GRAPHITE THREADS were dropped in Somalia by F117-A Stealth Fighters to incapacitate electrical power grids. Such particles also scar lung tissue. Nonetheless, it promises to halt “non-traditional, asymmetric conflicts with a progressive response and a graduated manner.” The Pentagon promises to use this weapon in Iraq to ensure “the protection of the oil fields.”
PULSE ENERGY PROJECTILES cause bowel spasms or make people feel as though they are on fire. The contractor says this “full–dimensional protection apparatus for area denial against intellectually-challenged persons” affords “a kinder, gentler offensive force.”
RADIO FREQUENCY WEAPONS operate in the 20 to 35 kHz area and cause bones to either vibrate or explode. First developed in France over 25 years ago, this “rheostatic” weapon moved “Naked Lunch” author William Burroughs to ask Led Zeppelin if they would consider using such a device to make crowds “feel different rhythms than they can hear.” Robert Plant replied: “Er, we never thought of that.” The Pentagon refers to this “tunable quality device” as the “apocryphal blowing of the trumpets as in the Book of Joshua.”
PEPPER SPRAY: The safety of this “enforced common frame of reference” is insured because the government’s Chemical Warfare Services tested it on 4,000 servicemen. Promised to “make the mentally deranged smell bad with exceptional success,” canisters are now offered to local police through block grants and come in key-chain or stand-alone models. However, the Association of Chief Police Officers recently noted that the “correct use of 5% spray have been regularly breached by officers.” Nonetheless, the manufacturer promises that “you’ll be delighted by our low cost!”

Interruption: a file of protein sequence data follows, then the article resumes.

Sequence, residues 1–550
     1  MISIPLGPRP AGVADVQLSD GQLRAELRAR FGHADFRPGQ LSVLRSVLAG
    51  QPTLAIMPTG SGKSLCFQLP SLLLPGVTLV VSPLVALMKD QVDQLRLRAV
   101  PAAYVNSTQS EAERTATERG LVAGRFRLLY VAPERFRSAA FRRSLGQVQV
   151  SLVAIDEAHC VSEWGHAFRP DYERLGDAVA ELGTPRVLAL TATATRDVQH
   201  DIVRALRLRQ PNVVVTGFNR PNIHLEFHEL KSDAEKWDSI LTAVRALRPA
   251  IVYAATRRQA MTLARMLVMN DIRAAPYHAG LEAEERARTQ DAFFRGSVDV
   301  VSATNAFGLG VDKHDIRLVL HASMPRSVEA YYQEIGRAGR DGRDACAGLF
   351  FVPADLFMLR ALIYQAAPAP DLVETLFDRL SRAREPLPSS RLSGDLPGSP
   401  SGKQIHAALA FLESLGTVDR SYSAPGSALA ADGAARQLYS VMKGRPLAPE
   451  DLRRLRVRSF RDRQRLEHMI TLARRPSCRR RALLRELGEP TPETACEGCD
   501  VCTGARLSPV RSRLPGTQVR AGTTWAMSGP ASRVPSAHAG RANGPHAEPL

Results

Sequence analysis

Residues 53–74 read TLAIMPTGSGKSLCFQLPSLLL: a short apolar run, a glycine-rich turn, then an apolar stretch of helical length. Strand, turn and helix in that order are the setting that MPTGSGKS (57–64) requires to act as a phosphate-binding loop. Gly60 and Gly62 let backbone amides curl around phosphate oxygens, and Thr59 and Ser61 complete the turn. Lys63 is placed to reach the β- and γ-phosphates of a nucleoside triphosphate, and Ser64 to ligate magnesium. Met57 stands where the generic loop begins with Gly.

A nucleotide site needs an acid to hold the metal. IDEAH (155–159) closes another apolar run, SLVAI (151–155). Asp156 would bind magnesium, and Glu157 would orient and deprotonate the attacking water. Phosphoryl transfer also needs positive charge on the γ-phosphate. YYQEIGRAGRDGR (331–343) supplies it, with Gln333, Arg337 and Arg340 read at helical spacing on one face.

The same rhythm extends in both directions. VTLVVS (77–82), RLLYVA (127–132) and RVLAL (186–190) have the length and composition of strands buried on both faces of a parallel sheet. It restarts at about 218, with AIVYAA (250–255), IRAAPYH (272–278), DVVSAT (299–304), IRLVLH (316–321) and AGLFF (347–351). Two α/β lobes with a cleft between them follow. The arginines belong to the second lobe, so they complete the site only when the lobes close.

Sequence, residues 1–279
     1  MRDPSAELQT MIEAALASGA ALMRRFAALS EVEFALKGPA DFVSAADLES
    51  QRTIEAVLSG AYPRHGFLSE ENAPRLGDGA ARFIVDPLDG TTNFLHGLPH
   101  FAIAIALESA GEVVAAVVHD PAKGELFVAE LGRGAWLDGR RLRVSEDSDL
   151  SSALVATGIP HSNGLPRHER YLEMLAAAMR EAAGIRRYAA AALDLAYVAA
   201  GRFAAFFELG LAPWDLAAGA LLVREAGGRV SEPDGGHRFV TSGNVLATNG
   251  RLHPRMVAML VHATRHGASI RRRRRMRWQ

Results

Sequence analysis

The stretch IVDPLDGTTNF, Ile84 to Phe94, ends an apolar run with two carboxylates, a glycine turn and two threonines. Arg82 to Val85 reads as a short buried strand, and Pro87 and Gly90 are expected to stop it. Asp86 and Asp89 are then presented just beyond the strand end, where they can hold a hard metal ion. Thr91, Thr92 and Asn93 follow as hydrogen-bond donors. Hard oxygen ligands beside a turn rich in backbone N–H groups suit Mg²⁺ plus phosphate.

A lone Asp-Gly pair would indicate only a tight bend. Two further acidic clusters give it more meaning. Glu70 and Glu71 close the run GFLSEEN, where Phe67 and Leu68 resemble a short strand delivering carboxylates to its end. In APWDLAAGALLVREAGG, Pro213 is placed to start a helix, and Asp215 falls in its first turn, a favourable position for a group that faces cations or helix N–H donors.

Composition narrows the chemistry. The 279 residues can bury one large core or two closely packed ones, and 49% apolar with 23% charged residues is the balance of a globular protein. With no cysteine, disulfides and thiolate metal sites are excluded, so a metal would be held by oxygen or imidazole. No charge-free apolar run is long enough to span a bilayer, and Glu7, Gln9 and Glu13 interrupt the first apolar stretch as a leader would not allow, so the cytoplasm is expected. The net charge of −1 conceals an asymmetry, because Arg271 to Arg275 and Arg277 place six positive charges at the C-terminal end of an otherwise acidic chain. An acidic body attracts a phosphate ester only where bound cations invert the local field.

GENETICALLY ENGINEERED ANTI-MATERIAL AGENTS fabricated at the Office of Naval Research are being “designed for the targeted deterioration of concrete, metal, asphalt, paint and plastic.” Now how will the military control their spread throughout our ecology?
VEILING-GLARE LASER DAZZLERS are a “repression technology” designed by the U.S. Defense Advanced Research Agency and the National Institute of Justice to blind crowds “for hopefully a short time.” These vehicle-mounted weapons drive through a neighborhood and cause the population to become visually impaired with “a reduced likelihood of long term injury.”
SHORT-PULSE ELECTRICAL CURRENTS turn off vehicles, computers and life-support systems in an entire neighborhood.

Supporting our Troops
While the full use of NLW’s in Iraq aren’t assured, it is highly probable. So supporting the morale of our troops requires the citizens to end any use of illegal weapons so to prevent the guilt our military will most definitely suffer from. Mind you, soldiers who use these implements of war might either be tried on “Article 8 (2) (b) (iv) on War Crimes of Excessive, Incidental Injury, or Damage” or the Constitution’s mandate to “punish offenses against the Law of Nations.” Either that, or none of our valiant soldiers will ever be thought of as heroes or heroines again.